Tuesday, November 30, 2010

Painter Agnes Martin

Now I paint with my back to the world.
It took me 20 years to paint completely nonobjective, 
not above this world.
~ Agnes Martin

The abstract painter Agnes Martin was born in Canada in 1912 and became a citizen of the United States around 1950. She had her first solo exhibition in 1958, at New York City's Betty Parsons Gallery, and then in the late 1960s stopped painting for seven years. She picked up her brushes again and returned to her canvas in 1974. In 1976, she produced a film, Gabriel.* Martin was inducted into the American Academy and Institute of Arts and Letters in 1989 and was the subject in 1991 of a retrospective exhibition organized by the Stedelijk Museum in Amsterdam; a second retrospective exhibition, at the Whitney Museum of American Art in New York, followed in 1992. She was honored in 1997 at the Venice Biennale. Martin, who lived in New Mexico for many years, died in 2004, age 92.

My paintings are not about what is seen. 
They are about what is known forever in the mind.

I've provided below links to images of some of Martin's work. It's work to which I've always been drawn, because it is so subtle and highly reduced, its hand-drawn graphite vertical and horizontal lines elegantly precise (though not perfect) and almost imperceptible. The last time I saw an exhibition of Martin's work, at the Dia:Beacon, in Beacon, New York, I spent a long time just looking, thinking how intimate her paintings become when you sit quietly with them — you have to get close to try to see what's in them; also how contemplative, even moving they can be. While her work may not be to everyone's taste, I think it's gorgeous and deeply serene. It's as if she gathered up the brilliant light and colors of New Mexico and washed and rewashed them, over and over, until they've begun to disappear because whatever she might have come up with could never compete with what God created.

Martin spoke thoughtfully and expressively about herself (especially about how she trained herself to stop thinking) and her work. Immediately below is a wonderful 20-minute interview with the painter, conducted by Chuck Smith and Sono Kuwayama in November 1997 at Martin's Taos studio. 

I don't have any ideas myself. I have a vacant mind...
in order to do exactly what the inspiration calls for.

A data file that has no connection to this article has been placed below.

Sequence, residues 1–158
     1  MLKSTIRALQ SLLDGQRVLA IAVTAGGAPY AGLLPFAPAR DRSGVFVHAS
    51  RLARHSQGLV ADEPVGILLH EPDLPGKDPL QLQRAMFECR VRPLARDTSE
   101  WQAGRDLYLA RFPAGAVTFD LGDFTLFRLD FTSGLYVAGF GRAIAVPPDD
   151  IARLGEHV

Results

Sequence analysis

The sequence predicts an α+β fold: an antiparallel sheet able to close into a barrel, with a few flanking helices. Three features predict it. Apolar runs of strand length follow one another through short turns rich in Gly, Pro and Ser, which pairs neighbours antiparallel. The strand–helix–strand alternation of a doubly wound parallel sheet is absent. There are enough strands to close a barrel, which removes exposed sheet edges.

And I don't start to paint until after I have the inspiration.
And after I have it, I make up my mind
 that I'm not going to interfere.

Agnes Martin Interview (20:00 version, 1997) from Chuck Smith on Vimeo.


* The 16-mm film, transferred to DVD, was screened in June of this year at Lucy Cavendish College in the United Kingdom, in conjunction with an exhibition of Martin's work at Kettle's Yard Gallery in Cambridge. The film is described as the story of "a boy's relationship to nature and abstraction on a mountain odyssey". The show at Kettle's Yard, installation photos of which can be seen here on FaceBook (Martin's work does not reproduce well, I think), comprised work from Martin's later years and included 10 canvases painted in New Mexico between 1991 and 2002.

Images of Agnes Martin's Work at Zwirner & Wirth, New York City (2003 Exhibition)

Images of Agnes Martin's Work in 01 Magazine Blog, February 14, 2010

Agnes Martin at Dia

Artist Profile at Nancy Doyle Fine Art

Artist Profile at Ask ART: The Artists' Bluebook

Mary Lance's Film Agnes Martin: With My Back to the World, 2002 (A brief Q&A with the producer-director of the documentary, which took four years to make (1998-2002), is here.)

Following is a compilation of books and catalogues, many of which are available only through resellers:

Agnes Martin, Recent Paintings 2000, Pace Gallery, 2000

Agnes Martin, Writings, Hatje Cantz Publishers, 2005 

Agnes Martin and Heinz Liesbrock, Agnes Martin: The Islands, Richter Verlag, 2005

Agnes Martin, Edward Hirsch, and Ned Rifkin, Agnes Martin: The Nineties and Beyond, Hatje Cantz Publishers, 2002 

Agnes Martin et al., The Perception of the Horizontal, Walther Konig, 2006

Agnes Martin et al., Singular Forms (Sometimes Repeated), Guggenheim Museum, 2004

Rhea Anastas et al., Agnes Martin, Yale University Press, 2010

Barbara Haskell, Anna C. Chave, and Rosalind Krauss, Agnes Martin, Whitney Museum of Art, 1992

Timothy Robert Rodgers, In Pursuit of Perfection: The Art of Agnes Martin, Maria Martinez, and Florence Pierce, Museum of New Mexico Press, 2005

Agnes Martin Videos 

Among many articles about Martin online are these: Ben La Rocco, "Agnes Martin, Peter Blum Gallery", Review in The Brooklyn Rail, March 2008; Holland Cotter, "A Series of Lines in Pencil, Leading to a Realm of Joy",  Review in The New York Times, August 25, 2006; and Holland Cotter's Obituary for Agnes Martin in The New York Times, December 17, 2004.


M.L. Gallagher said...

Everytime I come to visit you here, I wish I had more time to spend delving through the treasures you offer.

This one is really rich -- and what a zen way of painting. It's why I dance -- to not think.

Rob Jones said...

Agnes is one of my all time favorites. Thanks for sharing this post.

Anonymous said...

it's "not about this world" - not "above the world". She did however talk about living "above the line", meaning concentrating on positive feelings, and comfort, vs. dwelling "below the line, in depression or that kind of thing, which is just endless negativity."